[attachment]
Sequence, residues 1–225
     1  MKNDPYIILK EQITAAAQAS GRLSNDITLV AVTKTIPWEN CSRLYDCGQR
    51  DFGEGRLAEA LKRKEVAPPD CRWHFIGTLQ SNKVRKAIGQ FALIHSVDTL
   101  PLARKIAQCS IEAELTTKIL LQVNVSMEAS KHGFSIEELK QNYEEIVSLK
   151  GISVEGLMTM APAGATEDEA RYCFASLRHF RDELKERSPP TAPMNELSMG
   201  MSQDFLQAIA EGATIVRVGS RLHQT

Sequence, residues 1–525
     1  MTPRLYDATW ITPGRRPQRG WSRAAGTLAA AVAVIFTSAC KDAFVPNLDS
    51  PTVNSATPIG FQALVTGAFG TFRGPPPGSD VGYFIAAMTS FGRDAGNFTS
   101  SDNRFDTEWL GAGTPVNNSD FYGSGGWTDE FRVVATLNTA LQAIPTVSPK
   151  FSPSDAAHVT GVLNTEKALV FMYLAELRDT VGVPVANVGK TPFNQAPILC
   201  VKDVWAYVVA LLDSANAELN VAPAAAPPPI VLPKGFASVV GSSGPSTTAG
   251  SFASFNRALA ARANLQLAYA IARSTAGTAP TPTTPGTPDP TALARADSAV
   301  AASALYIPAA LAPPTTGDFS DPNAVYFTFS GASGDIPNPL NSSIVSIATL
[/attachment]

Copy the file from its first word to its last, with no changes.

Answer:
Sequence, residues 1–225
     1  MKNDPYIILK EQITAAAQAS GRLSNDITLV AVTKTIPWEN CSRLYDCGQR
    51  DFGEGRLAEA LKRKEVAPPD CRWHFIGTLQ SNKVRKAIGQ FALIHSVDTL
   101  PLARKIAQCS IEAELTTKIL LQVNVSMEAS KHGFSIEELK QNYEEIVSLK
   151  GISVEGLMTM APAGATEDEA RYCFASLRHF RDELKERSPP TAPMNELSMG
   201  MSQDFLQAIA EGATIVRVGS RLHQT

Sequence, residues 1–525
     1  MTPRLYDATW ITPGRRPQRG WSRAAGTLAA AVAVIFTSAC KDAFVPNLDS
    51  PTVNSATPIG FQALVTGAFG TFRGPPPGSD VGYFIAAMTS FGRDAGNFTS
   101  SDNRFDTEWL GAGTPVNNSD FYGSGGWTDE FRVVATLNTA LQAIPTVSPK
   151  FSPSDAAHVT GVLNTEKALV FMYLAELRDT VGVPVANVGK TPFNQAPILC
   201  VKDVWAYVVA LLDSANAELN VAPAAAPPPI VLPKGFASVV GSSGPSTTAG
   251  SFASFNRALA ARANLQLAYA IARSTAGTAP TPTTPGTPDP TALARADSAV
   301  AASALYIPAA LAPPTTGDFS DPNAVYFTFS GASGDIPNPL NSSIVSIATL